The streaming optical interface is a standard device implanted into all bionic eye recipients treated by The Berkut Group. Both Sarah Corvus and Jaime Sommers have the interface, because it is a part of the bridge between the bionic eye and the brain. In both these patients, it is located at the base of the cerebral cortex. It is integrated with the GPS tracker, such that their use is indivisible. It can be turned off by the patient by intense concentration. In Jaime, turning the device on or off is currently a difficult process which results in nosebleed. ("Sisterhood")
By default, the streaming optical interface uploads images seen by the patient's bionic eye directly to monitors at The Berkut Group. It turns the bionic field agent into a remote camera for the Group. However, because a patient has the ability to turn it off, and the Group apparently has no way to override the patient's will, the device is ultimately of greater assistance to the patient than the Group. It is a means by which the patient can wordlessly communicate her endangerment to the Group, thus acting primarily as a defensive mechanism. It also allows for rapid, shared, recorded reconaissance.
The interface also has the capability to relay real-time audio information ("The Education of Jaime Sommers"), which perhaps explains why Bledsoe has twice clearly differentiated it from the bionic eye. ("Sisterhood")
The fact that the device indiscriminately shares all information seen by the patient's bionic eye creates a conflict between The Group's right to control what it views as its property (the bionic implants) and the privacy rights of the individual patient. Jaime and Sarah have both openly rebelled against the device, albeit in different ways. Sarah appears to have permanently disengaged it, while Jaime has shown a willingness to use the device when she is viewing things that are clearly of professional interest to the Group. Otherwise, she has strongly expressed disapproval of it.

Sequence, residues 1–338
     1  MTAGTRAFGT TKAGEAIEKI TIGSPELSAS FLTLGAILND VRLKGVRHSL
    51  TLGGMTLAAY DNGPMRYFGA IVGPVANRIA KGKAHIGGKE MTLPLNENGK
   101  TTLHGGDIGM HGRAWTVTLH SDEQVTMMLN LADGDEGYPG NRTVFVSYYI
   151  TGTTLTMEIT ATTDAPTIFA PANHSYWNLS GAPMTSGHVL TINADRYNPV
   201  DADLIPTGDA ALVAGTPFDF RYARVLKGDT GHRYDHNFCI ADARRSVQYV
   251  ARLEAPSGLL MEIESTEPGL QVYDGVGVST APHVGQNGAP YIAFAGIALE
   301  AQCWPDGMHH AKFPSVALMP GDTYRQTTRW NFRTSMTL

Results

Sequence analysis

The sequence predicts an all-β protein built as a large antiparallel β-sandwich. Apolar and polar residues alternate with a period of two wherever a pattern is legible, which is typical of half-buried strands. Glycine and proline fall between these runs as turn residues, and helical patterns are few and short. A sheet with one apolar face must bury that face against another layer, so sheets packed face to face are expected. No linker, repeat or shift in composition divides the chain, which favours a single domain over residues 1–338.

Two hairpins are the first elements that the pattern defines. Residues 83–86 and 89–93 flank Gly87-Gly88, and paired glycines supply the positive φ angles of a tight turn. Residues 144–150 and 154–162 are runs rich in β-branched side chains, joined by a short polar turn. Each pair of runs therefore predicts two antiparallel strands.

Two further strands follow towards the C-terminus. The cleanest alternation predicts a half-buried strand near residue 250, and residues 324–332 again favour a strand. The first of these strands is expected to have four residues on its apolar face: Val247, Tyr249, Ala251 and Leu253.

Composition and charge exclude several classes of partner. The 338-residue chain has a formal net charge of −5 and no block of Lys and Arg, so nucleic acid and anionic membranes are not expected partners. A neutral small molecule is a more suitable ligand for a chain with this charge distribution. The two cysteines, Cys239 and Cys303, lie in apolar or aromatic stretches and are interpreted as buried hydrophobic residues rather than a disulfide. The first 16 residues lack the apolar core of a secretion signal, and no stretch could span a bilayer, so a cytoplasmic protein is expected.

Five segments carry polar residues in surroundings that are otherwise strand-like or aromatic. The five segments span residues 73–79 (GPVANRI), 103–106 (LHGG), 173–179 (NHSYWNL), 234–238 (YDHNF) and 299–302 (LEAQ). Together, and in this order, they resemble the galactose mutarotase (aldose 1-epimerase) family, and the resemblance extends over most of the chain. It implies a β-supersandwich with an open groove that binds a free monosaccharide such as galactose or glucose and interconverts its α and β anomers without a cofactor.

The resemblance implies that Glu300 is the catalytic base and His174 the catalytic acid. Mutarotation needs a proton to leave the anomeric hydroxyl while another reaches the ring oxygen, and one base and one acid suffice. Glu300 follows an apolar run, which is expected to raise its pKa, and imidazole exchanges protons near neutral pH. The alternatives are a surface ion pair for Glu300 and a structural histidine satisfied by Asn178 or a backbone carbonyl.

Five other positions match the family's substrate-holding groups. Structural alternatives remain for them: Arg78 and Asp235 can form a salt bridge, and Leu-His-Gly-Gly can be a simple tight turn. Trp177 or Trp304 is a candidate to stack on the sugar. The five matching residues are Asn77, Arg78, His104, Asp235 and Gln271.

Commonality with original Bionic seriesEdit
This device has no analgoue in the original televised Bionic mythos. However, it does revive the primary usage of the original bionic eye as portrayed in the original source material, Cyborg. The literary Steve Austin's eye did not provide visual information to the brain at all, but was instead a camera, whose main functionality was taking pictures during field operations.